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This is modver, a tool that helps you obey semantic versioning rules in your Go module.

It can read and compare two different versions of the same module, from two different directories, or two different Git commits, or the base and head of a Git pull request. It then reports whether the changes require an increase in the major-version number, the minor-version number, or the patchlevel.

Installation and usage

Modver can be used from the command line, or in your Go program, or with GitHub Actions.

Command-line interface

Install the modver command like this:

go install

Assuming the current directory is the root of a cloned Git repository, you can run it like this:

$ modver -git .git HEAD~1 HEAD

to tell what kind of version-number change is needed for the latest commit. The -git .git gives the path to the repository’s info; it can also be something like The arguments HEAD~1 and HEAD specify two Git revisions to compare; in this case, the latest two commits on the current branch. These could also be tags or commit hashes.

GitHub Action

You can arrange for Modver to inspect the changes on your pull-request branch as part of a GitHub Actions-based continuous-integration step. It will add a comment to the pull request with its findings, and will update the comment as new commits are pushed to the branch.

To do this, you’ll need a directory in your GitHub repository named .github/workflows, and a Yaml file containing (at least) the following:

name: Tests

    branches: [ main ]
    branches: [ main ]

    runs-on: ubuntu-latest
      - name: Checkout
        uses: actions/checkout@v3
          fetch-depth: 0

      - name: Set up Go
        uses: actions/setup-go@v4
          go-version: 1.19

      - name: Modver
        if: ${{ github.event_name == 'pull_request' }}
        uses: bobg/modver@v2.5.0
          github_token: ${{ secrets.GITHUB_TOKEN }}
          pull_request_url:${{ github.repository }}/pull/${{ github.event.number }}

This can be combined with other steps that run unit tests, etc. You can change Tests to whatever name you like, and should change main to the name of your repository’s default branch. If your pull request is on a GitHub server other than, change the hostname in the pull_request_url parameter to match.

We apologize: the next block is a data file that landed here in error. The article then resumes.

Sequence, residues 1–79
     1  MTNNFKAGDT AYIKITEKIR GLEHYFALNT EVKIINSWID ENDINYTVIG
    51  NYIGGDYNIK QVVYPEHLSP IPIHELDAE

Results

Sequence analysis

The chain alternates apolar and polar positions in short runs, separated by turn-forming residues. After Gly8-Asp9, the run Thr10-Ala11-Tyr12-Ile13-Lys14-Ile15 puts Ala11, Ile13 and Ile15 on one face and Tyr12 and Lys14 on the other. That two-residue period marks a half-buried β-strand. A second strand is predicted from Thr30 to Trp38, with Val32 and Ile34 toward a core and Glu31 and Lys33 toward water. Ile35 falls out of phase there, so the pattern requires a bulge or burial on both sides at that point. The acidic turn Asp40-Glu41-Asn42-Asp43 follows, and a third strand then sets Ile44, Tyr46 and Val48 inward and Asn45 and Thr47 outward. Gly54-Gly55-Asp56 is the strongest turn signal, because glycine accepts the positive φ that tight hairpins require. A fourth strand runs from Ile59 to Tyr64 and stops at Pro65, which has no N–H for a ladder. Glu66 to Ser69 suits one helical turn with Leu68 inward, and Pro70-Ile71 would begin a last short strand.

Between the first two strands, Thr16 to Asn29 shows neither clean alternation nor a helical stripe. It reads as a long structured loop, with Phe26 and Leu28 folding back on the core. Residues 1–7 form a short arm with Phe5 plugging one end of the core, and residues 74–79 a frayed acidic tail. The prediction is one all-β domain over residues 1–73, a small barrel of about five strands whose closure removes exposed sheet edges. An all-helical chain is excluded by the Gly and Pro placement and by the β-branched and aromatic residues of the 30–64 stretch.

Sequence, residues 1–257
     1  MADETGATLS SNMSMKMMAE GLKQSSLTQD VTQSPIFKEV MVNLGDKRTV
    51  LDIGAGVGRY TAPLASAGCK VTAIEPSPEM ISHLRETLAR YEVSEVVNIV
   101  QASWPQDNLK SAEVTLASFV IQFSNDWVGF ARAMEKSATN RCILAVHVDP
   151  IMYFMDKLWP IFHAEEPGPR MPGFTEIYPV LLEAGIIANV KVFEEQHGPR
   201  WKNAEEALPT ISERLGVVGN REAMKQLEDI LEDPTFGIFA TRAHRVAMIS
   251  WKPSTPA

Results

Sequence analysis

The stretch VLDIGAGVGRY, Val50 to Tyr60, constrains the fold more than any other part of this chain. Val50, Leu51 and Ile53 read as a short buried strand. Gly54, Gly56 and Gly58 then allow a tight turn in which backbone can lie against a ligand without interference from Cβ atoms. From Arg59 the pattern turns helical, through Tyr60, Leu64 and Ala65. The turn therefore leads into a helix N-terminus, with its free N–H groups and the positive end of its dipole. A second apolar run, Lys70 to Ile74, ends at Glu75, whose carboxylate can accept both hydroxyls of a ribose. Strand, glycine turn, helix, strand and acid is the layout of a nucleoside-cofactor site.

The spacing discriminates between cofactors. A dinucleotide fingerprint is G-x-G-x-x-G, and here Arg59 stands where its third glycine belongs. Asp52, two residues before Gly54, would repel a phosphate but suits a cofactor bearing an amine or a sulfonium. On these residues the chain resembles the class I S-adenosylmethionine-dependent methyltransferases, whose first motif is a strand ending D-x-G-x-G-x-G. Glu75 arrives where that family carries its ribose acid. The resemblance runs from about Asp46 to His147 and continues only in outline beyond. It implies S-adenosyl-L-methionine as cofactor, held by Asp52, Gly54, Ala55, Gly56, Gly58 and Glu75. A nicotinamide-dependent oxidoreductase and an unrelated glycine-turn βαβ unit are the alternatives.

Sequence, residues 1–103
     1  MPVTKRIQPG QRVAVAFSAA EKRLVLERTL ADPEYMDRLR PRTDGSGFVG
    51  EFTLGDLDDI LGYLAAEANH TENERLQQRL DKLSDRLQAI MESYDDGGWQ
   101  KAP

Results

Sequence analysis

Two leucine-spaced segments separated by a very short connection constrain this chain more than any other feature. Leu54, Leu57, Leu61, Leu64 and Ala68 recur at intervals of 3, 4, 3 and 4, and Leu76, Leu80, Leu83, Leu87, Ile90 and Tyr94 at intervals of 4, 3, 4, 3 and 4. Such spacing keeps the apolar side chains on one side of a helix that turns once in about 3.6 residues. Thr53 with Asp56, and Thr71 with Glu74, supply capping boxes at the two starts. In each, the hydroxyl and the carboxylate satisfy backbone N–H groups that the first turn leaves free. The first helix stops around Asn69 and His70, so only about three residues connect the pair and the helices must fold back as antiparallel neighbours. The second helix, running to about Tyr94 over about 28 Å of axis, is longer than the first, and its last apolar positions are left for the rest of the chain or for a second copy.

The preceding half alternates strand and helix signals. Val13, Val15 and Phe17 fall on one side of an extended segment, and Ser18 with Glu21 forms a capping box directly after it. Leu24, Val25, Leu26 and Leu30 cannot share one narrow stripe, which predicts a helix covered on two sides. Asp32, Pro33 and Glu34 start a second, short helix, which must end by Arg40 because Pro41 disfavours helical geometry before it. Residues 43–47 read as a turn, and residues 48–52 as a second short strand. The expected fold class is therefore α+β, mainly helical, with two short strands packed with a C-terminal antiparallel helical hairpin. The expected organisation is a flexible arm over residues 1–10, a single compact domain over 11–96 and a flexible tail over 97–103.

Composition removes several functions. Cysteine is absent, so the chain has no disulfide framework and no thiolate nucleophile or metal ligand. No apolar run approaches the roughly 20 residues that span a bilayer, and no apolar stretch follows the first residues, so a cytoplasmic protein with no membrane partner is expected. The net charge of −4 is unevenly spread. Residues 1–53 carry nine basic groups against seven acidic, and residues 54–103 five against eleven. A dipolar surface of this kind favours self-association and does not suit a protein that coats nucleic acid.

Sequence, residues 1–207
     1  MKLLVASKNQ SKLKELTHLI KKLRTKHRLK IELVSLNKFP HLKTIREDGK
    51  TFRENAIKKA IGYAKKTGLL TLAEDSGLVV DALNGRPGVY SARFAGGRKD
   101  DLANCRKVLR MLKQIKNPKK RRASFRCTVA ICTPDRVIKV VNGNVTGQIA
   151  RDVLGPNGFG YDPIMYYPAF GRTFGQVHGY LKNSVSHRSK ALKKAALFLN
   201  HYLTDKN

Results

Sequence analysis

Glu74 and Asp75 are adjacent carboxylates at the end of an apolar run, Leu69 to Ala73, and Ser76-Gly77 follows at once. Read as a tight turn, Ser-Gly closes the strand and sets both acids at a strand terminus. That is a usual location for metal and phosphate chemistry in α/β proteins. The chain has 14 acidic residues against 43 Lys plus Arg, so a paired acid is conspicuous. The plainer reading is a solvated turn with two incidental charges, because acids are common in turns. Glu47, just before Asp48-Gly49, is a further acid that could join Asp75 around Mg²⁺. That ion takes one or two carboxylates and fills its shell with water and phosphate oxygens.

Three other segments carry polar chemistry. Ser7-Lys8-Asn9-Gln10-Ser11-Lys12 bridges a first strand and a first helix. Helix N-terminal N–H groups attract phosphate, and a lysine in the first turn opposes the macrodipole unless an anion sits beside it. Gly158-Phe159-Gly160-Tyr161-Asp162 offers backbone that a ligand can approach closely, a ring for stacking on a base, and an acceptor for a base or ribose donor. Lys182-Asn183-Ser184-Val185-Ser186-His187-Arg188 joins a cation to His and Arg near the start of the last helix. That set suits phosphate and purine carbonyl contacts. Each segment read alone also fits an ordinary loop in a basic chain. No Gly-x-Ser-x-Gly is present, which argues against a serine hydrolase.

Note the fetch-depth: 0 parameter for the Checkout step. This causes GitHub Actions to create a clone of your repo with its full history, as opposed to the default, which is a shallow clone. Modver requires enough history to be present in the clone for it to access the “base” and “head” revisions of your pull-request branch.

For more information about configuring GitHub Actions, see the GitHub Actions documentation.

Go library

Modver also has a simple API for use from within Go programs. Add it to your project with go get See the Go doc page for information about how to use it.

Semantic versioning

Briefly, a major-version bump is needed for incompatible changes in the public API, such as when a type is removed or renamed, or parameters or results are added to or removed from a function. Old callers cannot expect to use the new version without being updated.

A minor-version bump is needed when new features are added to the public API, like a new entrypoint or new fields in an existing struct. Old callers can continue using the new version without being updated, but callers depending on the new features cannot use the old version.

A patchlevel bump is needed for most other changes.

The result produced by modver is the minimal change required. The actual change required may be greater. For example, if a new method is added to a type, this function will return Minor. However, if something also changed about an existing method that breaks the old contract - it accepts a narrower range of inputs, for example, or returns errors in some new cases - that may well require a major-version bump, and this function can't detect those cases.

You can be assured, however, that if this function returns Major, a minor-version bump won't suffice, and if this function returns Minor, a patchlevel bump won't suffice, etc.

The modver command (in the cmd/modver subdirectory) can be used, among other ways, to test that each commit to a Git repository increments the module’s version number appropriately. This is done for modver itself using GitHub Actions, here.

(Note that the standard actions/checkout@v2 action, for cloning a repository during GitHub Actions, creates a shallow clone with just one commit’s worth of history. For the usage here to work, you’ll need more history: at least two commit’s worth and maybe more to pull in the latest tag for the previous revision. The clone depth can be overridden with the fetch-depth parameter, which modver does here.)